How to Determine an Income Tax Bracket

by Jennifer Stewart ; Updated July 27, 2017
Individuals pay different rates of tax depending on their brackets.

Items you will need

  • Gross taxable income
  • Tax return forms
  • Tax rable

While we all must pay federal income tax on a variety of earned and unearned income, the concept of tax rate and tax brackets are often misconstrued. If a person falls into a certain tax bracket, this usually refers to the marginal tax bracket for which any additional income will be taxed at that rate. The marginal tax rate determines the rate of tax payed on an individuals last dollar of income. This method is useful in determining what earning additional income will mean from a tax perspective.

Step 1

Gather all records of possible earned income for the current tax year. This includes any 1099 form's sent by employers, savings or investments as well as business or other income. The Internal Revenue Service requires reporting all income, so contacting any employers or corporations to get the necessary documentation is mandatory.

Step 2

Adjust income accordingly using any and all possible credits and/or deductions. Tax credits can be counted as dollar-for-dollar reductions to your tax bill. Examples of tax credits available include dependent child care, retirement contributions and education or adoption credit. Tax deductions, although not dollar-for-dollar, reduce the amount of income taxed, thus reducing your taxes by your tax rate. Tax deductions include mortgage interest, property taxes, charity contributions and medical expenses.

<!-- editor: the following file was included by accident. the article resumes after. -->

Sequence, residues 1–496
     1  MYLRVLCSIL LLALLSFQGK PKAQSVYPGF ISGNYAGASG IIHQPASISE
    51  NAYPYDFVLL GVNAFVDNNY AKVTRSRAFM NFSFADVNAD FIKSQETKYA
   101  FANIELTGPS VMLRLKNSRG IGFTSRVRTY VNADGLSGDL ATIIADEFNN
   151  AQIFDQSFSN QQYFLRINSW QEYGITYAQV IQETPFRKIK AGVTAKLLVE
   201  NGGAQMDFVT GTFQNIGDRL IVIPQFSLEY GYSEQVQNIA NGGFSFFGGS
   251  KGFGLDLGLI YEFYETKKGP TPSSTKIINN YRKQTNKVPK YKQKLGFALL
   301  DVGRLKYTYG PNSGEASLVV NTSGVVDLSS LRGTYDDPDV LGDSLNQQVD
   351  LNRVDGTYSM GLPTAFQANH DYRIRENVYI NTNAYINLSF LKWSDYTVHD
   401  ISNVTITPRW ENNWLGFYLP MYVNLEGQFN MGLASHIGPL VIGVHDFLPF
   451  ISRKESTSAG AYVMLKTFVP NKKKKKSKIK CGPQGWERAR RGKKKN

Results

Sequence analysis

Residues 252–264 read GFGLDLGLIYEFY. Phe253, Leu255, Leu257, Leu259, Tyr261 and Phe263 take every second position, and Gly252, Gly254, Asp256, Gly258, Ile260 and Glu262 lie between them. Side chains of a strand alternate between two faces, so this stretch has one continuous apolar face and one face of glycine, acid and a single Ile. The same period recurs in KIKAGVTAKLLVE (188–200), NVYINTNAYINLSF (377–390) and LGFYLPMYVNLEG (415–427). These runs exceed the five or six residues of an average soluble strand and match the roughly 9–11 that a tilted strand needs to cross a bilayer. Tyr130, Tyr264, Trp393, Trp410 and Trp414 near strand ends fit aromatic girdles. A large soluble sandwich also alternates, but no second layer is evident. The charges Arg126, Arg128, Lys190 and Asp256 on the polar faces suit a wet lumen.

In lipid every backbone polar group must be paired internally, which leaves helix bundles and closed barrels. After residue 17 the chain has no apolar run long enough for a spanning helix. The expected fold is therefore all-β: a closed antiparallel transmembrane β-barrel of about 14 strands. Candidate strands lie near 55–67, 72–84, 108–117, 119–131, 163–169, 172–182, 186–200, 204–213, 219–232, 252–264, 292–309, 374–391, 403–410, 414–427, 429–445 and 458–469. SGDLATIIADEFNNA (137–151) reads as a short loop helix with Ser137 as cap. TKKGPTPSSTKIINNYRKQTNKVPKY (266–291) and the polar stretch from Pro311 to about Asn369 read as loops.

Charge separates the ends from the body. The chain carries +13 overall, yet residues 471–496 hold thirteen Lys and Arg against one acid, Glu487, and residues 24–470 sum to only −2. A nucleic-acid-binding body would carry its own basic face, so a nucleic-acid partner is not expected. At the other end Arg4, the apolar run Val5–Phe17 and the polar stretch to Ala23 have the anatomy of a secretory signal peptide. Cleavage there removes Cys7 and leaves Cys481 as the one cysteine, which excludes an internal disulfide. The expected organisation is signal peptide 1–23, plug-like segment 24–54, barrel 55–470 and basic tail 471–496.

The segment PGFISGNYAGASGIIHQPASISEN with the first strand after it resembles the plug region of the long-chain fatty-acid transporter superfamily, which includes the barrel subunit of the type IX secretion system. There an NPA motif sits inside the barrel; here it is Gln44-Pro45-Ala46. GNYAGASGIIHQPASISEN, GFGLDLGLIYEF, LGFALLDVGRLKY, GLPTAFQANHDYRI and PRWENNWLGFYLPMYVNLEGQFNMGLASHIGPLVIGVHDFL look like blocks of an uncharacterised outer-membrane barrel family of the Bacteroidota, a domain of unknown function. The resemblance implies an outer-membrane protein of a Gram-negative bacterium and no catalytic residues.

Step 3

Subtract your total credits dollar for dollar from your income and then enter your deductions to get your adjusted gross income amount that is taxable. Find your standard deduction amount based on your filing status to determine if you should use that amount or itemize depending on which amount is higher.

Step 4

Apply your new adjusted gross taxable income amount to the tax table found in the appropriate tax schedule return form. Decide on how you intend on filing depending on this status (i.e., single, married separate or married jointly).

Step 5

Determine your marginal tax bracket based on the income amount for this status on your taxable table. For example, if you are filing jointly with a taxable income of $100,000 annually and the table indicates a 25 percent marginal tax rate for income between $67,000and $124,000 for this filing status, then your marginal tax rate bracket would be 25 percent.

Tips

  • To find your marginal tax bracket (the percentage you’ll pay on your last dollar of income, or save on the last dollar of a deduction), you can download the current tax tables in a publication called IRS Revenue Procedure Table.

References

  • "Personal Finance At Your Fingertips"; Ken Little; 2007
  • AARP.org

About the Author

Based in Northeast Florida, Jennifer Stewart has been writing how-to and financial articles since 2007. She holds a bachelor's degree in business administration from the University of West Florida. Her articles have been published on top article sites, and she currently operates three websites and multiple blogs.

Photo Credits

  • A young woman holding a pen, doing her taxes image by Christopher Meder from Fotolia.com